I’ve been one of many people to describe doing sports as being meditative, especially my favourite discipline of cycling. This is not to say that all sports are meditative. But I can think of a few reasons why certain sports are. I don’t know if an experienced meditator would agree with me on this but I feel there’s a lot of overlap between practicing meditation, participating in certain sports and transferring the benefits of these activities across to life in general.
While my beliefs on how and why this works change frequently, my current manifesto for sport meditation may go something like this:
- Meditation or mindfulness attempts to open up awareness rather than focusing on thoughts
- Being aware of pain and discomfort while doing sport without trying to rationalise or consciously fight it is a bit like meditation
- This practice enables me to withstand pain and discomfort with greater calmness, control and composure
- This increased tolerance – and profound patience under duress – extends to other aspects of my life
- The prospect of dealing with an intellectually demanding task, a scary problem or a challenge I would instinctively shy away from becomes much less daunting when drawing on this meditative mindset
- If I can tolerate physical pain then I can tolerate mental pain too
- The trick is to be aware of the pain and accept it
I first became aware of this concept when reading a Star Wars novel in my early teens. It was a story about Obi-Wan Kenobi and his trials as a young Jedi. I remember the opening passages of young Obi in a particularly tricky scenario where he is injured and must overcome some kind of dramatic peril. The first person narrative recalls the teachings of his master on the subject of pain. It went something like this:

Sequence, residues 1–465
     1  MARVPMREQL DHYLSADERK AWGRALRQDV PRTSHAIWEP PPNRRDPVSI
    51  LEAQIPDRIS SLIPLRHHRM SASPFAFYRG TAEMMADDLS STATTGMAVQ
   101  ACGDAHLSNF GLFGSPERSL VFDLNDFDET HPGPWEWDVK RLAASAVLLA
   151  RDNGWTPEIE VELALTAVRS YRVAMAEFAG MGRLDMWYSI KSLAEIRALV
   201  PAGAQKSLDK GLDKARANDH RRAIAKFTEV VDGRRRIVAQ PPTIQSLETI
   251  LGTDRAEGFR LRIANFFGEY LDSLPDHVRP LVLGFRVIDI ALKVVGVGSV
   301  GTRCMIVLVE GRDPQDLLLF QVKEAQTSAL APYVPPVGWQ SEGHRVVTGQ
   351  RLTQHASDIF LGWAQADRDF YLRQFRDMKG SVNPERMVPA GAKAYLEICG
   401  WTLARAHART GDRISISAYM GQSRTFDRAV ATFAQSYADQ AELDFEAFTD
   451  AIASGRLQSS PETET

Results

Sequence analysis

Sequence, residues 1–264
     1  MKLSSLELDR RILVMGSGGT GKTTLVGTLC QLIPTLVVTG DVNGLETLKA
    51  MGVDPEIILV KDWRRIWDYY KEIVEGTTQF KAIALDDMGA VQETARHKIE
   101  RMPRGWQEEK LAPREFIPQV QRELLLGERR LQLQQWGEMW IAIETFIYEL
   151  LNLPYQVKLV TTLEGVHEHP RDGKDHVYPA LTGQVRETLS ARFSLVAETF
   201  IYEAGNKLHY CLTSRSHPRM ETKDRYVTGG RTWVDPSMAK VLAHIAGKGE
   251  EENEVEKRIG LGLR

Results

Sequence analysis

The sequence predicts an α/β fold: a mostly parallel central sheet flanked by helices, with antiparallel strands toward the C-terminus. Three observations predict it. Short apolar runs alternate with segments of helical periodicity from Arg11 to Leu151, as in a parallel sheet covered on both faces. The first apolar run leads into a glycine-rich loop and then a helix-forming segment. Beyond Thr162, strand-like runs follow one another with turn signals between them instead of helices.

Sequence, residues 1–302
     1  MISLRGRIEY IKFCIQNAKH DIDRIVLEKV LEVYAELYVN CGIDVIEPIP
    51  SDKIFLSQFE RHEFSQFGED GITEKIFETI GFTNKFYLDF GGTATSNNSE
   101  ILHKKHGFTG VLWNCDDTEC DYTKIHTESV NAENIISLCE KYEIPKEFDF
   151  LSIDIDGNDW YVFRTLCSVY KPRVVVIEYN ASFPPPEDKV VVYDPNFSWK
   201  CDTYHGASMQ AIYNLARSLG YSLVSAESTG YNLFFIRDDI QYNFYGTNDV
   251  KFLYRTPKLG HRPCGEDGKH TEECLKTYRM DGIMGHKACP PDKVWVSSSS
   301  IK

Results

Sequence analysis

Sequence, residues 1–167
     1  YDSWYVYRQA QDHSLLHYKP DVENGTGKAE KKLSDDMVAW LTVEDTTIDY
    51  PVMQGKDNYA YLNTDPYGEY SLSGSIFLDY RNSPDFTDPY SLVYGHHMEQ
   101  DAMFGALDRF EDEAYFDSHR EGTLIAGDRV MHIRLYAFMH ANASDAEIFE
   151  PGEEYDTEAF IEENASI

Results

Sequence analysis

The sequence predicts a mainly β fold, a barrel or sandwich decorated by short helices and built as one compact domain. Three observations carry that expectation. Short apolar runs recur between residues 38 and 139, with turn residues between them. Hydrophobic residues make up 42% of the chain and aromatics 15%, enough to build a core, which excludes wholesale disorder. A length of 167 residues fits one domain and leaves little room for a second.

“Pain is just your body giving you a message. Don’t fight the pain. Listen to what it is trying to tell you. Acknowledge it.”Or something similar
While I don’t subscribe to the science fiction theory of medichlorians being the source of The Force and the Jedi Order, this approach to pain stuck with me. I even tried it out now and then. It wasn’t until a decade or so later that I realised that this has a lot in common with eastern philosophies and mindfulness meditation.
There are several reasons why I believe enable certain sports can generate a profoundly meditative effect.
- You are focussed completely in the moment
- Your focus is entirely internal. Your awareness is extended to as many peripheries of your body as possible as you attempt to interpret sensations and active muscles through sheer will
- You acknowledge and even learn to love pain. In a way
- The physiological impact of sport, changes to metabolism and the release of neurotransmitters, improve wellbeing and mood
It’s important to point out that not all sports lend themselves to this state of consciousness. Team sports or any activity where there is direct competition against other people would be more at risk to external distractions. Personally I would also find other “skill” based sports aren’t as suited as using a piece of equipment or controlling an object outside of my body would likely draw my attention outside my body.